Price hike latest punishment for fans

ROB GRANATSTEIN, SUN MEDIA

, Last Updated: 9:50 AM ET

Toronto Maple Leafs fans have a right to be furious.

Not just because the team is an embarrassment this year, continuing a tradition that -- except for a couple of fun runs to the conference finals -- has made those born after 1967 question their loyalty.

Not just because of the king's ransom the team wants for tickets to see this bunch of third-liners play.

This time, it's due to the paltry but still ridiculous 3.5% increase in ticket prices for next year -- and the limp attempts to spin the hike as completely justified.

That's what should have fans extra steamed.

"We got to a point where we had to do it (raise ticket prices)," Tom Anselmi, chief operating officer for Maple Leaf Sports and Entertainment (MLSE), told the Globe and Mail Wednesday.

Gee, it must have been that licence to print money that forced the team's hand.

In an e-mail to the Toronto Sun on Monday, Anselmi wrote: "We're very sensitive to pricing, especially in a tough economy.

"We gave it careful consideration, however, not many businesses have had inflation of only 1% over the last four years."

Anselmi agrees the team's payroll is $23 million US less this year than in 2004-05, the year before the lockout (and we all know the team wasn't swimming in red ink before the lockout).

He doesn't mention the substantial TV and radio revenues that continue to fuel Toronto's NHL club more than anywhere else in the league.

But cue the spin. Anselmi argues the Leafs are now paying into NHL revenue-sharing, for constant improvements to the Air Canada Centre, including a new $8-million scoreboard (isn't that a regular part of a business?) and for a richer series of contracts for front office and coaching staff. And all that, he says, impacts the bottom line.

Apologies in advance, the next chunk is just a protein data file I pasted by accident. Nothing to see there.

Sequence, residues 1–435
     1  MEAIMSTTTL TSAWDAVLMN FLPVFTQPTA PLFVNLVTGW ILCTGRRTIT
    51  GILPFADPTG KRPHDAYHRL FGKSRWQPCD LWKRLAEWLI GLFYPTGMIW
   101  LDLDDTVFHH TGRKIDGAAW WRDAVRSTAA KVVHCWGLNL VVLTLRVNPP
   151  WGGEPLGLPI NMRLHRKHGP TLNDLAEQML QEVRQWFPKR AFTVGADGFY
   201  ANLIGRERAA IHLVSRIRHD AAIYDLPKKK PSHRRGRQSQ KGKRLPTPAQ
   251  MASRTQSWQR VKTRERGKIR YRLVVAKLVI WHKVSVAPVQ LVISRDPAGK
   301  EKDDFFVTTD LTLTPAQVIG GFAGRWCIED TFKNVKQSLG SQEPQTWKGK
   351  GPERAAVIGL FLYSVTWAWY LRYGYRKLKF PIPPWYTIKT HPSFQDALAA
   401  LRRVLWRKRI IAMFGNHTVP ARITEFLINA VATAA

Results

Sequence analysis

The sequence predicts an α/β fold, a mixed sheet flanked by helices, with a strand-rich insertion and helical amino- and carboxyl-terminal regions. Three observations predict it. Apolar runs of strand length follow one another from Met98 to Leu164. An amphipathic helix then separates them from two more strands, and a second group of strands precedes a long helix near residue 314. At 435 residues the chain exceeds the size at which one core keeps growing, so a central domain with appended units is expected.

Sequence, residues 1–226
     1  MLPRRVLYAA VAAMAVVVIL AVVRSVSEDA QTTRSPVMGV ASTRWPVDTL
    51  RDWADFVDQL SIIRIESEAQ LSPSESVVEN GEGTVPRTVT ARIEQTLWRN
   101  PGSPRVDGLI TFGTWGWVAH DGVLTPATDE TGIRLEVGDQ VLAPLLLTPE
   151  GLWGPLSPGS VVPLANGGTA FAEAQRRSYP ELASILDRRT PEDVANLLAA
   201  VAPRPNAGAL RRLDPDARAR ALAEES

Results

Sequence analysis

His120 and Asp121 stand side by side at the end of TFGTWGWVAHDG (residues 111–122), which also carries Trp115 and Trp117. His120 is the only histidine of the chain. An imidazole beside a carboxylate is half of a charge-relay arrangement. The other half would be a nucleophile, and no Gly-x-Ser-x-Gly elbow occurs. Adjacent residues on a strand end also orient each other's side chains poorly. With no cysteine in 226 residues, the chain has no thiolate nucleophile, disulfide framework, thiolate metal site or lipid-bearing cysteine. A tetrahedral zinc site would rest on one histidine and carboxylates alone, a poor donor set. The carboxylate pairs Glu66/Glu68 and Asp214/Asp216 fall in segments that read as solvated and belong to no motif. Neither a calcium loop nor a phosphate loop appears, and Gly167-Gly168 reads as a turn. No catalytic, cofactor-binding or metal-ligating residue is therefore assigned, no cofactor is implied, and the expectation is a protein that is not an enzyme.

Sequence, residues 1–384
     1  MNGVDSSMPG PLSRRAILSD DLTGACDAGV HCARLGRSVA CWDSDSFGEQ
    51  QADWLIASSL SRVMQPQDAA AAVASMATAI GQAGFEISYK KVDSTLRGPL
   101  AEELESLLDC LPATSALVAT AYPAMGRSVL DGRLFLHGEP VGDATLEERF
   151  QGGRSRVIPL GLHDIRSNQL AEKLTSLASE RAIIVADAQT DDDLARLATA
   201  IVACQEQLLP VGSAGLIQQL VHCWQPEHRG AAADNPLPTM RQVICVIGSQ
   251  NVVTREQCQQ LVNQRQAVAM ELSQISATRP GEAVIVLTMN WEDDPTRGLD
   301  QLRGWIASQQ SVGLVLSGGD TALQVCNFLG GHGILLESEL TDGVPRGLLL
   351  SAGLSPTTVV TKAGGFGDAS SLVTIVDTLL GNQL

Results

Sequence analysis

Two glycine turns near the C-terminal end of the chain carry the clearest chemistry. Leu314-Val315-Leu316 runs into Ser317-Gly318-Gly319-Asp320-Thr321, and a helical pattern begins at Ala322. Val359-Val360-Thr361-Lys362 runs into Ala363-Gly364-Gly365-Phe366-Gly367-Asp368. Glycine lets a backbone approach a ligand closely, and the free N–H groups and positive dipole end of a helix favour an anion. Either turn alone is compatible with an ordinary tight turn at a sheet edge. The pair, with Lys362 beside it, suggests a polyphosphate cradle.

So Brian Burke's contract -- the one the Leafs offered him -- is the problem?

Maybe it's the millions they're paying all the fired and failed front office staff, like, say ex-Raptor coach Sam Mitchell's remaining two-and-a-half years. In light of that, the last thing I'd be doing is raising Raptor ticket prices.

We won't even discuss the $9 million MLSE handed Alonzo Mourning to never set foot in the Raptors' locker room.

The last time ticket prices jumped, 2003-04, the Leafs sold the move by reminding fans the team had 98 points the previous season, and played in 11 playoff series in the five seasons leading up to that hike.

Obviously, there's no buyers on that sales job this time.

As we all know by watching all the spectators dressed as empty seats at the start of every period, average fans aren't the ones who can afford seats or go to Leaf games, so what's another 3.5%? Mortgage payment or Leafs tickets isn't a hard decision for most.

And don't cry for the poor owners. Team CEO Richard Peddie has made a second career out of denying the $400 million US value placed on the team by publications like Forbes.

And the half-billion dollar project MLSE is building off the west side of the ACC is sure to pad the pocket books, too.

Meanwhile, if you go to a game (I'm lucky to make it once a year), you know it's the same show night after night, same gags, and $9 beer.

True, the team is doing good things in the community, like investing in our local outdoor rinks, plus making investments in BMO Field and the new four-plex of rinks in Etobicoke to replace the Lakeshore Lions arena.

And sure, the Leafs do this to make money, but at the same time these are facilities this city is sorely lacking and the tax base won't finance on its own.

The Leafs are largely owned by local owners, like Larry Tanenbaum.

Those smart men should be worried about struggling businesses looking at laying off staff, versus having a private box or platinum seats and choosing business over pleasure.

And average Leaf fans who do watch from the purples should be ready to revolt. We're already revolted by the on-ice product.

Then again, we're Leaf fans. We like punishment.

ROB.GRANATSTEIN@SUNMEDIA.CA


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